Higher tobacco taxes push smokers to contraband cigarettes
An increasing number of German smokers are turning to contraband cigarettes in response to higher tobacco taxes, according to research published on Monday.
Between 2005 and 2008 the number of untaxed cigarettes smoked in Germany grew from 16 to 20 percent, according to Hamburg Institute of International Economics (HWWI) Director Thomas Straubhaar at a conference in Berlin.
Instead of reducing the number of cigarettes smoked, the tax has only increased the number of illegal cigarettes consumed – some 23 billion, according to Straubhaar.
The tax increase has also created an overall reduction in tax revenue earned on tobacco, HWWI expert Michael Bräuninger said, adding that he expected a continued increase in contraband cigarettes.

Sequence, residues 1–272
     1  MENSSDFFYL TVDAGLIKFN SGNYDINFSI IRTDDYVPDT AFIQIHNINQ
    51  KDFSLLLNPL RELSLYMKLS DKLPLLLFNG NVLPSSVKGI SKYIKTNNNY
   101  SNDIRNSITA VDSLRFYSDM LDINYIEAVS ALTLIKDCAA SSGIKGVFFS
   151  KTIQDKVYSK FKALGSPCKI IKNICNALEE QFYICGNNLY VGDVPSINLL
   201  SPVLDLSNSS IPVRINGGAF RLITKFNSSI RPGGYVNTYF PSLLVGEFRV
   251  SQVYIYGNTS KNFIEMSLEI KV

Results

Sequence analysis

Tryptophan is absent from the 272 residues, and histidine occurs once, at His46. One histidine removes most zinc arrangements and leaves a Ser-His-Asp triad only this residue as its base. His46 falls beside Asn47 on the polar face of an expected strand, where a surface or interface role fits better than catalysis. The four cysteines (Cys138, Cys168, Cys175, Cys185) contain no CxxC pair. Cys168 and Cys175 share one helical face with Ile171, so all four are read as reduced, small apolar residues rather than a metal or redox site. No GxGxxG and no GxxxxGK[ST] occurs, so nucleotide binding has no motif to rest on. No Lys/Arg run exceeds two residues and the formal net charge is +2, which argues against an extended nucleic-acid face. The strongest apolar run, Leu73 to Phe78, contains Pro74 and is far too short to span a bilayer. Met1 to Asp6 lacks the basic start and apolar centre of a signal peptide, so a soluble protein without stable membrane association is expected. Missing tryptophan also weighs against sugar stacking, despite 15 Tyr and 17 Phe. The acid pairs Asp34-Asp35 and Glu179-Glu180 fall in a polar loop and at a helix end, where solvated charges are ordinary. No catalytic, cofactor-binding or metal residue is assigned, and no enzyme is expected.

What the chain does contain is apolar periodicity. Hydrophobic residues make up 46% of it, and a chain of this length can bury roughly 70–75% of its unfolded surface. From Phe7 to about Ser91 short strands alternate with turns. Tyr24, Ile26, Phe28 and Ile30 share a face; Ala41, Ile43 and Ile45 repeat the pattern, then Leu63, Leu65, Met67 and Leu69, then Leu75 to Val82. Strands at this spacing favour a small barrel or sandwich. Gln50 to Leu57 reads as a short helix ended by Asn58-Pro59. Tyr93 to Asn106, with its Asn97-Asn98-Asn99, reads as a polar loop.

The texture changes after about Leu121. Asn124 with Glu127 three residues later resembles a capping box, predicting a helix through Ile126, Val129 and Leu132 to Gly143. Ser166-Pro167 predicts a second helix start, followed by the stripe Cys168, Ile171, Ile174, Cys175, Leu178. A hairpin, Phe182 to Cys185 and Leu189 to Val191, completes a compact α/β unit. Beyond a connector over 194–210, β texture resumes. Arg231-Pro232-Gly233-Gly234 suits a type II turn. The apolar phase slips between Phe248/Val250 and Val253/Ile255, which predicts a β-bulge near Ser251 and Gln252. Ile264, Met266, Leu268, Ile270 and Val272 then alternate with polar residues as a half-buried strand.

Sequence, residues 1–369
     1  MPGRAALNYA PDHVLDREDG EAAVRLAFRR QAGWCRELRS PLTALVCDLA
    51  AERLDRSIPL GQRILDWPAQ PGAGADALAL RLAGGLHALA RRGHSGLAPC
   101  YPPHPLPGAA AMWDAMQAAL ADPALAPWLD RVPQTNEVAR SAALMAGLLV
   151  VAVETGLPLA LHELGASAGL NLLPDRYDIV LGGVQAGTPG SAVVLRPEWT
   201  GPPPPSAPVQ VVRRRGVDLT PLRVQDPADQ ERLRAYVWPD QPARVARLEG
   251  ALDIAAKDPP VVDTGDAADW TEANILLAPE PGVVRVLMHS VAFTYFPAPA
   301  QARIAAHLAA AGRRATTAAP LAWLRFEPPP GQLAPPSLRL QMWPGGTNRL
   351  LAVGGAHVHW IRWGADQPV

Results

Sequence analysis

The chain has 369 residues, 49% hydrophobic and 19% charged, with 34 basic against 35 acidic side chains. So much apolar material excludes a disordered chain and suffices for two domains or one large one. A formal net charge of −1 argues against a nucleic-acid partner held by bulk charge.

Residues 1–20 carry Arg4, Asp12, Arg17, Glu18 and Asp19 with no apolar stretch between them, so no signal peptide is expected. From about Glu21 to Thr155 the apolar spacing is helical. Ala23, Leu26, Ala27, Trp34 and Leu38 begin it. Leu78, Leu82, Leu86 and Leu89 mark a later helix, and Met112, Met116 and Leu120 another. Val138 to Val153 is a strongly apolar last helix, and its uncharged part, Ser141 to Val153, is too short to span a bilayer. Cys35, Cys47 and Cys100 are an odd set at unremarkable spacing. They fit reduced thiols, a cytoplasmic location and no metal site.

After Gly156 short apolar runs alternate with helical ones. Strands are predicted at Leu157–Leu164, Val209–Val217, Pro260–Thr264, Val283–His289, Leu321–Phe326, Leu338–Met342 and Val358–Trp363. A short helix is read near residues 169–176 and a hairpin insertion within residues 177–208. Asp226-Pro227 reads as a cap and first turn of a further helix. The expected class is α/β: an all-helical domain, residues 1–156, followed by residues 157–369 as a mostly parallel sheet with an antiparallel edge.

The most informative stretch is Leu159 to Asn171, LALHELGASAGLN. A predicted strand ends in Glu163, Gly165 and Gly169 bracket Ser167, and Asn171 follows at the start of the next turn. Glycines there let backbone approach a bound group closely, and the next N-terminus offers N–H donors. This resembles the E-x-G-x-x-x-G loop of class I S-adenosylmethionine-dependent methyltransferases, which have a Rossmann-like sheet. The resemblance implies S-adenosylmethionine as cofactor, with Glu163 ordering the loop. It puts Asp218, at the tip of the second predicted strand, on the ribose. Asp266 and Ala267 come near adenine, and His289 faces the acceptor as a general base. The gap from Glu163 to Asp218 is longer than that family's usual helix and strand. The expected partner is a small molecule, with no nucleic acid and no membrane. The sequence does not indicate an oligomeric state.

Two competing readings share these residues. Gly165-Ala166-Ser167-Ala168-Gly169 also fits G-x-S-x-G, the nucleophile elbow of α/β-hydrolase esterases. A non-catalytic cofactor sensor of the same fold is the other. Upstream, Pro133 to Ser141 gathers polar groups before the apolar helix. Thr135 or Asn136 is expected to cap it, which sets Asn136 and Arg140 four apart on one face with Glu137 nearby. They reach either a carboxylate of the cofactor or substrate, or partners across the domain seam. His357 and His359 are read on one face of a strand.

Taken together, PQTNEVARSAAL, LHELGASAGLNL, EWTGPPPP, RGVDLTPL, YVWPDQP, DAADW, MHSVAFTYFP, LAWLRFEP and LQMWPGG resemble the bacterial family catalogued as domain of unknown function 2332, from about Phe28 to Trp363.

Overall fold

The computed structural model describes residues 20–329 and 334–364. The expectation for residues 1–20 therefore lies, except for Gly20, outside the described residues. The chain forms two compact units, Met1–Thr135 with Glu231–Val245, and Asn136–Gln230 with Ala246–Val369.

According to a study by the DZV German cigarette association presented at the event, the increase means a yearly loss of some €4 billion.
The highest number of banned smokes – most of which come from Poland – are consumed by eastern Germans, where every second cigarette is reportedly untaxed. Meanwhile every fifth cigarette in the state of North-Rhine Westphalia is contraband.
At about €140 per thousand cigarettes, Germany has Europe’s fourth highest tobacco tax after Ireland, England and France.